Easter Seals Visit Opens Eyes


Sophomores Jack Malcolm and John Floersheimer with their Easter seal partner.

Jack Malcolm, Staff Writer

“What will we talk with them about?”

“Do you have questions prepared?”

“I hope my buddy isn’t too quiet or shy.”

These were all worries of Sophomores, who would soon be having their first meeting with their Easter Seals buddies. As we filed into the Student Center, nerves were high. Both my partner and I were unprepared for the occasion, like many of our classmates. But as other students began to get paired up with their Easter Seals partners, I could see the tension slowly seeping from everyone’s faces.

When we finally went to go sit down and talk with our partners, I was struck by how much we had in common with them. My partner likes to dance, watch football, and likes cats.

As the visit went on, I could look around and see many smiles. My group was playing Hangman and another group next to us was making secret handshakes.

Clearly, the visit was having a positive effect on everyone.

Once the visit was over, my class had a discussion about everyone’s experiences. When I asked other students about how their first visit went, I found a common theme. The experience was eye-opening.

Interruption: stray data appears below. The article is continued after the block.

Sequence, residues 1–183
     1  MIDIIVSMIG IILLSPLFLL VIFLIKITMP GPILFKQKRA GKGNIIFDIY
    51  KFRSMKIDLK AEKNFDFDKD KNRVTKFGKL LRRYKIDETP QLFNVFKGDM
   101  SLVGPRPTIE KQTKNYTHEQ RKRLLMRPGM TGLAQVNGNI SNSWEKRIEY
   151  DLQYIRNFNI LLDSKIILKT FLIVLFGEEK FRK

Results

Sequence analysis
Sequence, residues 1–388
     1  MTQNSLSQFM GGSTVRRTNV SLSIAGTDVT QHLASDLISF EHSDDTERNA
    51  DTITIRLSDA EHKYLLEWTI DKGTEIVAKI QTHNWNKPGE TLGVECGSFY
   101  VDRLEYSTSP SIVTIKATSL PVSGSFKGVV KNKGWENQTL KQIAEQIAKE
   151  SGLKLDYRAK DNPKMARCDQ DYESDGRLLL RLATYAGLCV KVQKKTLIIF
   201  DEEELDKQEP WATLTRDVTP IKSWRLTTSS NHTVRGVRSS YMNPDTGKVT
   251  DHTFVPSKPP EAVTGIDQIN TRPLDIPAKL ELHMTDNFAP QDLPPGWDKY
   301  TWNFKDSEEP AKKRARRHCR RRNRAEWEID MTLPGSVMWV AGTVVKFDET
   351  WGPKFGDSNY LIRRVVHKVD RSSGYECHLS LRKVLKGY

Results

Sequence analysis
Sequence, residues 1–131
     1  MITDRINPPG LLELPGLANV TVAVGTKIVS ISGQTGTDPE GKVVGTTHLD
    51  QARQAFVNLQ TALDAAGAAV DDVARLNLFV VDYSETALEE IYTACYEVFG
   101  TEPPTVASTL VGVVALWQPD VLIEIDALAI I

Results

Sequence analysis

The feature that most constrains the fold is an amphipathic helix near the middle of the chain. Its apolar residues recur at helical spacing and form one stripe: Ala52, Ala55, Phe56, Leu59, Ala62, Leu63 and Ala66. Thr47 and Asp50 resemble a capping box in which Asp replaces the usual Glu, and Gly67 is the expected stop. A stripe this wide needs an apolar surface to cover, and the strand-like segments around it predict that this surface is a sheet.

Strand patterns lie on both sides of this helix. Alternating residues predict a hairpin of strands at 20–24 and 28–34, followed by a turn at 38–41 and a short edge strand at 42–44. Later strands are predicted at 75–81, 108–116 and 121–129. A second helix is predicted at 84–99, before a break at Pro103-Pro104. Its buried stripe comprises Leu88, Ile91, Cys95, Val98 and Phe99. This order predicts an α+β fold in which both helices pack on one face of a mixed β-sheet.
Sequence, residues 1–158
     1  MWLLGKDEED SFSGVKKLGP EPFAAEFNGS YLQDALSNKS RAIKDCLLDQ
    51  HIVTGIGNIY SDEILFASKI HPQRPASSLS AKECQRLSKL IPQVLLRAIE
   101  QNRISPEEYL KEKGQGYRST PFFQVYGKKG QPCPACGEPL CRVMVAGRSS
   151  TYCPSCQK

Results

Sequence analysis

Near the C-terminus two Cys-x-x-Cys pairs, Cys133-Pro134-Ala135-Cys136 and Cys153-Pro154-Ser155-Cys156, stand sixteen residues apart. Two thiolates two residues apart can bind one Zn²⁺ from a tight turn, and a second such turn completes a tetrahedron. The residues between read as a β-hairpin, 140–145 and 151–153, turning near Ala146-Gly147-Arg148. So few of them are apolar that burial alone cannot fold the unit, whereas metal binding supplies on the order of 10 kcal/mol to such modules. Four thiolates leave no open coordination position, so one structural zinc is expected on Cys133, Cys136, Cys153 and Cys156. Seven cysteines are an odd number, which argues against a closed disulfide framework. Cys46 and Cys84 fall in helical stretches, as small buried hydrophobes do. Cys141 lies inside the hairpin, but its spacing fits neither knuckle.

“It was both eye-opening and touching to interact with students who have so many different experiences and challenges than us,” says, Sophomore, John Floersheimer.

“It was an experience I will remember,” commented Sophomore, Ethan Ball.

These thoughts that these visits are eye-opening to many students is not a coincidence, nor is it an accident. Ms. Giraud brought this project to ODA because she hopes to engage students in understanding that although people within a community may seem different, they still have commonalities, and we need to learn about one another to discover them.

“The project comes purely from the belief that if we take time to get to know those who seem the most different from ourselves, we will discover that we have more in common than not. What I like best about the project is how quickly students connect with their Easter Seals partners. There’s something really natural in this forced connection between the groups. Somehow it always just seems to work, to come together,” explains Ms. Giraud.

After meeting my Easter Seals partner for the first time and speaking with her, I understand why this project is so important to Ms. Giraud and important to both ODA students and Easter Seals students.

I am very enthusiastic for the next meeting with my Easter Seals buddy, and most of my classmates are also excited for their next meetings too. We’ll meet two more times and finish a shared project in the spring.

Can’t wait.